Fluoride Simpsonsville, SC

Fluoride is a mineral that occurs naturally in all water sources, including oceans, lakes and rivers. Research shows that fluoride helps prevent cavities in children and adults by making teeth more resistant to the acid attacks that cause cavities. Fluoride is nature’s cavity fighter, helping repair the early stages of tooth decay even before the decay can be seen.

There are two ways that you can benefit from fluoride:

Systemic fluoride therapy refers to the ingestion of fluoride, usually through dietary supplements or the public water supply, which in the United States applies to nearly 74 percent of the population. While teeth are forming under the gums, the ingested fluoride is used by the body to form enamel, typically resulting in stronger enamel that is more resistant to cavities. This provides what is called a “systemic” benefit.

Topical fluoride therapy refers to the use of systems containing relatively large concentrations of fluoride that are applied locally, or topically, to erupted (exposed) tooth surfaces to prevent the formation of dental caries. Thus this term encompasses the use of fluoride rinses, dentifrices, pastes, gels, and solutions that are applied in various manners. This procedure results in a significant increase in the resistance of the exposed tooth surfaces to the development of dental caries. In essence, two procedures are available for administering topical fluoride treatments. One procedure involves the painting the solution onto the tooth surfaces. The second involves the use of fluoride gels applied with a disposable tray.

The maximum reduction in tooth decay occurs when fluoride is available systemically and topically. Studies show that community water fluoridation, the addition of fluoride to water to a recommended level for preventing tooth decay, prevents at least 25 percent of tooth decay in children and adults. In fact, community water fluoridation is noted as the single most effective public health measure to prevent tooth decay and the Centers for Disease Control and Prevention has proclaimed community water fluoridation as “one of 10 great public health achievements.
The American Dental Association and more than 100 other national and international organizations recognize the public health benefits of fluoridated water in preventing tooth decay. Visit ADA.org for more information about fluoride and fluoridation.

Effects of Fluoride on Plaque and Bacterial Metabolism

Thus far, we have assumed that the anti-cavity effects of fluoride are accomplished through a chemical reaction between this ion and the outermost portion of the enamel surface. A growing body of information suggests, however, that the caries-preventive action of fluoride may also include an inhibitory effect on the oral flora involved in the initiation of caries (cavities). The ability of fluoride to inhibit glycolysis (breakdown of sugar) by interfering with the enzyme enolase has long been known; concentrations of fluoride as low as 50 ppm have been shown to interfere with bacterial metabolism. Moreover, fluoride may accumulate in dental plaque in concentrations above 100 ppm. Although the fluoride normally present in plaque is largely bound (and thus unavailable for antibacterial action), it dissociates to ionic fluoride when the pH of plaque decreases (i.e., when acids are formed). Thus, when the carious process starts and acids are formed, plaque fluoride in ionic form may serve to interfere with further acid production by plaque microorganisms.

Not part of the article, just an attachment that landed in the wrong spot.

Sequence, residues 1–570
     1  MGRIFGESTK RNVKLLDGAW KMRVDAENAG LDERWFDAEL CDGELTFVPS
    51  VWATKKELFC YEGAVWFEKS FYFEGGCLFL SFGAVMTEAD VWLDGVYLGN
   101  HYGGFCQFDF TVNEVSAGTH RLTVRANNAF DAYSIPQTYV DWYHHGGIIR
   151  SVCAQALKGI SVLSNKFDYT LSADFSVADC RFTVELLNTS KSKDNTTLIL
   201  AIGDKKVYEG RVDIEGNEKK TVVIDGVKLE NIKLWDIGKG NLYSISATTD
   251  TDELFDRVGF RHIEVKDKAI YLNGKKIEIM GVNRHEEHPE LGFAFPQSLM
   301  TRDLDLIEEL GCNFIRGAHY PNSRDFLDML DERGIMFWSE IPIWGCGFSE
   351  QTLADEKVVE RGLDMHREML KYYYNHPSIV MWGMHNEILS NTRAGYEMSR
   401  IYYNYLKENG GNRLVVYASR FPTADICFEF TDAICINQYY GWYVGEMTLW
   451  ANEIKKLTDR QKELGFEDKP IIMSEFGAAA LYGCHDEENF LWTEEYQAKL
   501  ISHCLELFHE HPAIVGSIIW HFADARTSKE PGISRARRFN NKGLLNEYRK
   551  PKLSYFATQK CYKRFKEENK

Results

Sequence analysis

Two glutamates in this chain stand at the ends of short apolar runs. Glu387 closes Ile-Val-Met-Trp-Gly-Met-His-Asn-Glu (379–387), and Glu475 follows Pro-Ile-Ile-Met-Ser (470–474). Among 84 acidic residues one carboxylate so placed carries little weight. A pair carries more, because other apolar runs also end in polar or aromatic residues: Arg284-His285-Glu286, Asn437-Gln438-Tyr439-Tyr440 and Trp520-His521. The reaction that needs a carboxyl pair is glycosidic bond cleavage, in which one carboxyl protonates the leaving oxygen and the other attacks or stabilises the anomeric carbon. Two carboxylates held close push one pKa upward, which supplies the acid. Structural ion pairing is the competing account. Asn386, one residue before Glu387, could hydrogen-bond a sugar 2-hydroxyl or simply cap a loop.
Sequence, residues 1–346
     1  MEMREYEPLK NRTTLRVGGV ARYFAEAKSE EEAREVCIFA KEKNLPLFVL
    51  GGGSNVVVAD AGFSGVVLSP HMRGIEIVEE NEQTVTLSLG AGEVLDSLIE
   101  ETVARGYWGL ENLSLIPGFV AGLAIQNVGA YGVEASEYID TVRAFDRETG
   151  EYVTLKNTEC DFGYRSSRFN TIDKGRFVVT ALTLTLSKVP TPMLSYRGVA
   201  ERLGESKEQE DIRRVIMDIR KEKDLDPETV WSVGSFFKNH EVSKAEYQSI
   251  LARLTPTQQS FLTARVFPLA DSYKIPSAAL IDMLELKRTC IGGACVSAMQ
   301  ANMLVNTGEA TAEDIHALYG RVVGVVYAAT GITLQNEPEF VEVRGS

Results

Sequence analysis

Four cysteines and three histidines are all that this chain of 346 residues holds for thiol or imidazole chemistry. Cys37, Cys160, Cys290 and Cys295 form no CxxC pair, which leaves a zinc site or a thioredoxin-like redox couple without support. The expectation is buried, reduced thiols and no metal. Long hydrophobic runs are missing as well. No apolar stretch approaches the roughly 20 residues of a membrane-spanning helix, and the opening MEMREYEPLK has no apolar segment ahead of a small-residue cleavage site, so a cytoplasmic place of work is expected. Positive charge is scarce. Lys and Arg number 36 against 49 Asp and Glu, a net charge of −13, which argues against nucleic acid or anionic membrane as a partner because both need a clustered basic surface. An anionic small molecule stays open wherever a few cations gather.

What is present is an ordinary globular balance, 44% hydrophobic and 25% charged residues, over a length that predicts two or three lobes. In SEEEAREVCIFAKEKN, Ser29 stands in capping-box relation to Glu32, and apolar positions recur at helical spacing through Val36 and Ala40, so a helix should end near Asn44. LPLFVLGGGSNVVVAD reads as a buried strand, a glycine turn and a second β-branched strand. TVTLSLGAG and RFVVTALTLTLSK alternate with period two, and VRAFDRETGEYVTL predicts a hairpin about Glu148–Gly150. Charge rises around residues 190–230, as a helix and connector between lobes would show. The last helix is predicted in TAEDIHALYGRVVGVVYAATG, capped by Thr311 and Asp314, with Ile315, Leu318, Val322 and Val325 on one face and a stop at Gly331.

In addition, it may react with the underlying layer of dissolving enamel, promoting its remineralization as fluorhydroxyapatite. The end result of this process is a “physiologic” restoration of the initial lesion (by remineralization of enamel) and the formation of a more resistant enamel surface. The ability of fluoride to promote the reprecipitation of calcium phosphate solutions in apatitic forms has been repeatedly demonstrated.

In addition to these possible effects of fluoride, several investigators have reported that the presence of tin, especially as provided by stannous fluoride, is associated with significant antibacterial activity, which has been reported to decrease both the amount of dental plaque and gingivitis in both animals and adult humans. Existing evidence suggests that these antibacterial effects of fluoride and tin may also contribute to the observed cariostatic activity of topically applied fluorides.